“In our search for a person to do a set of two or three filmed lectures in chemistry you have been suggested over and over again as the candidate of first choice.”
– J. A. Campbell, National Science Foundation. Letter to Linus Pauling. 1956.
The National Science Foundation, founded in 1950, is an organization dedicated to providing federal aid for education and research in all non-medical fields of science. From its inception, Linus Pauling had been connected with the organization, providing reviews and suggestions regarding the dispersal of grants. He, along with many other scientists throughout the United States, donated their time and skill to the Foundation in the spirit of promoting science-based learning.
In late 1956, Pauling was contacted by J.A. Campbell, the NSF’s Program Director for Institutes. The Foundation was preparing 90 institutes across the U.S, directed at high school-level science teachers and scheduled to take place during the summer of 1957. The Foundation, recognizing the difficulty of providing instructors for all of these institutes, appealed to Pauling for aid.
The National Science Foundation had formulated a plan to film lectures given by notable scientists and educators, and then to distribute these films onward to the various summer institutes. (In many respects, this was to be the 1950s equivalent of today’s online classes and video conferencing.) The Foundation approached Pauling first because, after polling scientists around the country, he had been chosen as the top science lecturer in the nation. Flattered by the recommendation and always interested in conveying science to the masses, Pauling was more than happy to lend his talents to the organization.
In a letter to Campbell accepting the proposal, Pauling suggested a few potential lecture topics along the lines of those that he typically presented to his freshman students. The overall topic, “valence and molecular structure,” was quickly accepted by the NSF organizers, who were happy to rely on Pauling’s experience. Because of Pauling’s status as a much-lauded veteran lecturer, Campbell and his NSF associates gave him a free hand in planning the lectures, occasionally sending letters of gratitude and encouragement. They knew that with Pauling, a recent Nobel medalist, at the helm, the project was likely to succeed.
In the early spring of 1957, Pauling submitted a series of proposals and grant requests, officially launching the project. By the middle of the March, he had his funding and the venture was well on its way.
The actual lectures were filmed in a Los Angeles studio using two still cameras and a tertiary camera for close-up shots of models and demonstrations. By the time filming was complete, Pauling had produced three films, each approximately fifty minutes in length. In the films, Pauling explained the basics of molecular valence and bonding, detailed the properties of various elements in terms of their structure, and manipulated a host of examples, models and diagrams.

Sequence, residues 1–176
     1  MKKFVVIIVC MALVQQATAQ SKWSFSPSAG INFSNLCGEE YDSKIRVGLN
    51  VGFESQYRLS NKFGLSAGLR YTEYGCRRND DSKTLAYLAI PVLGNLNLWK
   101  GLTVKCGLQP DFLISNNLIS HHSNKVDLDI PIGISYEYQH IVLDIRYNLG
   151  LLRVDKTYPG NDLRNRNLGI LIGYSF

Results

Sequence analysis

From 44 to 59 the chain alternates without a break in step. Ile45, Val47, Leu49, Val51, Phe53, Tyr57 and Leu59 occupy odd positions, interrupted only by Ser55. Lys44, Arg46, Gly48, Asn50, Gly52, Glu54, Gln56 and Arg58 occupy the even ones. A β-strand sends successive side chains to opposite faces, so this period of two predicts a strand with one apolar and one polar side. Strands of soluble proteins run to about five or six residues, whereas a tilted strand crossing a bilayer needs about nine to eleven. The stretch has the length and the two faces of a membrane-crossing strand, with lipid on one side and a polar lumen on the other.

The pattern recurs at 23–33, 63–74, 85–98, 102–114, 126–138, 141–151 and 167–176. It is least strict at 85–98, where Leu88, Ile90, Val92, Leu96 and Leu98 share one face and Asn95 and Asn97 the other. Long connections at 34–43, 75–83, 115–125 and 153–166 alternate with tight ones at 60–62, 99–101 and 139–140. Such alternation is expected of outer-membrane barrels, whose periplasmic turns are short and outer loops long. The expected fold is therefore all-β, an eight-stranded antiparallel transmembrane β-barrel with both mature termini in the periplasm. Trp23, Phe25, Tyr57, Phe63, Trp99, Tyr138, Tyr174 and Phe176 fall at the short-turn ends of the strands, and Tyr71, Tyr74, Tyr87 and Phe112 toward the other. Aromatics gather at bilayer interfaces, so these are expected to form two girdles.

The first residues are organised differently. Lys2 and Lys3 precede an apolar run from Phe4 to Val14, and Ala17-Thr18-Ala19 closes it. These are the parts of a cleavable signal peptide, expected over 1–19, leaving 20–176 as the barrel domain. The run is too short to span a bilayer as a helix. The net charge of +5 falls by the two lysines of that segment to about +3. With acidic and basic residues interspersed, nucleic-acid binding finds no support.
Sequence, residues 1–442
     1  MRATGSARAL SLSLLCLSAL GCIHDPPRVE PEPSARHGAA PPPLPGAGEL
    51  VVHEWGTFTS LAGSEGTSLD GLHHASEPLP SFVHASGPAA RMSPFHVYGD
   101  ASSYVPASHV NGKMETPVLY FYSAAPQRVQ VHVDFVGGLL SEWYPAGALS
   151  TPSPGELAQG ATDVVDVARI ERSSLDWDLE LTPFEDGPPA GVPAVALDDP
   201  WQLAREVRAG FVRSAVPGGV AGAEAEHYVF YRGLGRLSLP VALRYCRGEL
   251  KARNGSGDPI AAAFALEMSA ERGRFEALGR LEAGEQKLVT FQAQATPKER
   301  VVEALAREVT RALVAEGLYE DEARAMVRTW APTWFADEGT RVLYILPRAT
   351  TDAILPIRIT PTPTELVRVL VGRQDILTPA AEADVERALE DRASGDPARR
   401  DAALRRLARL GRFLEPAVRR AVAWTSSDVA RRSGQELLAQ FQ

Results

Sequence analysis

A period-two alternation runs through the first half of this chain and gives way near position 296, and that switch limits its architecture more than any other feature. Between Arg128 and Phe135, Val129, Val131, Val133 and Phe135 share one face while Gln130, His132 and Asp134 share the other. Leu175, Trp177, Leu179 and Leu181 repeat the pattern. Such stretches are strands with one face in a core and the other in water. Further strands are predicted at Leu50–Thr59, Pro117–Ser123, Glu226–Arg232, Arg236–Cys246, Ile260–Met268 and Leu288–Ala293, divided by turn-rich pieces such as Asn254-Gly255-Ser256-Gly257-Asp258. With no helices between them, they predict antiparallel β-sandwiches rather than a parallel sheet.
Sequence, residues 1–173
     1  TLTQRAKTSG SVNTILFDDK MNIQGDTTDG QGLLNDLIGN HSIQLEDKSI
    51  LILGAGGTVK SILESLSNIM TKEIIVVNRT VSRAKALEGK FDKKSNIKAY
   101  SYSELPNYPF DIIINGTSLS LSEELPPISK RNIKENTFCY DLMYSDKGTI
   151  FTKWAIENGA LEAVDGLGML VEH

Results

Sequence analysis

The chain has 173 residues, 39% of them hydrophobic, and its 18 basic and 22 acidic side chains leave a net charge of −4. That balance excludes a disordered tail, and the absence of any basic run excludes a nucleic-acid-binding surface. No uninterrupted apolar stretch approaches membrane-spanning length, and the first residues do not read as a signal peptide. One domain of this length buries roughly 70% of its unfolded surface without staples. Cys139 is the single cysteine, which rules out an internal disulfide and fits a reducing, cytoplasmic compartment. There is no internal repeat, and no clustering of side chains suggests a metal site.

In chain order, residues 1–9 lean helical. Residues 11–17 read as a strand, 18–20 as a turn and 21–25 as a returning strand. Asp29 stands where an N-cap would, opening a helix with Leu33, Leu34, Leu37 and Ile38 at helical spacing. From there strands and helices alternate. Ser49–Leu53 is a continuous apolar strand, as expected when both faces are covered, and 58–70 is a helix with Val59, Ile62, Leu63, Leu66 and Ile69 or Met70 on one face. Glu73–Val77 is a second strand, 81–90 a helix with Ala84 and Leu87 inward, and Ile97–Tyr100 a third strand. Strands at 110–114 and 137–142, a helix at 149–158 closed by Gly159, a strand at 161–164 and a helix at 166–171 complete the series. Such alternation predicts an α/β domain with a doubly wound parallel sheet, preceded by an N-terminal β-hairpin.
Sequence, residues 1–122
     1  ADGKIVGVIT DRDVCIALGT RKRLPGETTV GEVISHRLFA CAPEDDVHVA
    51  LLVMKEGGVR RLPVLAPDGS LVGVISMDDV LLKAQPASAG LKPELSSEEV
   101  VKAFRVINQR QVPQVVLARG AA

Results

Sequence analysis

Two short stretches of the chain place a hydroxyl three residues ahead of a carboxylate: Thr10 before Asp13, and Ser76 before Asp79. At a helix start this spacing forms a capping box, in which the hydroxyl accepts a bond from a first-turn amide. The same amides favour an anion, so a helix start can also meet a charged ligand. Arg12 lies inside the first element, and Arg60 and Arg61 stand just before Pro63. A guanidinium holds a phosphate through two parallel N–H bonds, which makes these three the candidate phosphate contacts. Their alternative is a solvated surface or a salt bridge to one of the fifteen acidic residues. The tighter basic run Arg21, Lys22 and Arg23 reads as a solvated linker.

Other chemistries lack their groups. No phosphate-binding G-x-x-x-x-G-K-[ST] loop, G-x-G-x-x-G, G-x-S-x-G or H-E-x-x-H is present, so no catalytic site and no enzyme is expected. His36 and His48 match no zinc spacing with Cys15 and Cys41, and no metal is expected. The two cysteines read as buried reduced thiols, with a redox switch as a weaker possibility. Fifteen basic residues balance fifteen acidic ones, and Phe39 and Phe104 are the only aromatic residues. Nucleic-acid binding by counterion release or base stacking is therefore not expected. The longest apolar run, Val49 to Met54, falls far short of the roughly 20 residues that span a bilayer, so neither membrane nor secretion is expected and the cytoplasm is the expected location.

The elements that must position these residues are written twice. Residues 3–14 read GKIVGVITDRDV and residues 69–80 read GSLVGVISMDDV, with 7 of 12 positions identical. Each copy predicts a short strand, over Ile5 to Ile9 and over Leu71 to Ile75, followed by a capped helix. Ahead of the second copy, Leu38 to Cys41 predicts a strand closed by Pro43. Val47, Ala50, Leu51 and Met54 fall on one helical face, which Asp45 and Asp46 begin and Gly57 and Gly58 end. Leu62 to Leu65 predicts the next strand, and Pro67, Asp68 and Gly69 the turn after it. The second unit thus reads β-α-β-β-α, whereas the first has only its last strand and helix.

For Pauling, lecturing to a camera undoubtedly felt a little stiff and formal. He was used to engaging his students and interacting directly with his audience. For the sake of propriety, he was also forced to put his “classroom calisthenics” on hold. In a normal lecture he would have been in constant motion, first sitting on the lecture table, then swinging his body between chalk tray and table. He might, as he was known to do, even have wandered into the audience, still lecturing as he brought an atomic model, designed and possibly built by himself, to his students for closer inspection.
Nevertheless, Pauling’s controlled and formal lecturing style did not cover his sense of showmanship. The NSF lectures provided a wonderful example of Pauling’s abilities as both a teacher and a public speaker.
After reviewing the films, John Campbell wrote Pauling a letter expressing his pleasure with the project’s results. The films were a success with the National Science Foundation staff, which was comprised of some of the most knowledgeable scientists in the country. Moreover, before the films even debuted, copies had been ordered by more than fifty of the NSF’s summer institutions.
As it turned out, the films became quite popular among the science-education community. Pauling’s personal secretaries fielded dozens of requests for the content, as did Caltech and the National Science Foundation offices. Many high school and college instructors found the lecture series to be ideal and expressed interest in presenting the films to their students. Beginning in 1958 and continuing through the early 1960s, Pauling’s films, housed by the NSF, were in almost constant circulation around the country, making stops at schools from coast to coast.
With the creation and success of this work, Pauling was able to introduce a whole new medium for instruction to educators around the country. On a personal level, he was very pleased with his performance; so much so, in fact, that he sent copies to his oldest son, Linus Jr., as Christmas presents.
To learn more about Linus Pauling’s work as a scientist and educator, visit the website Linus Pauling and the Nature of the Chemical Bond.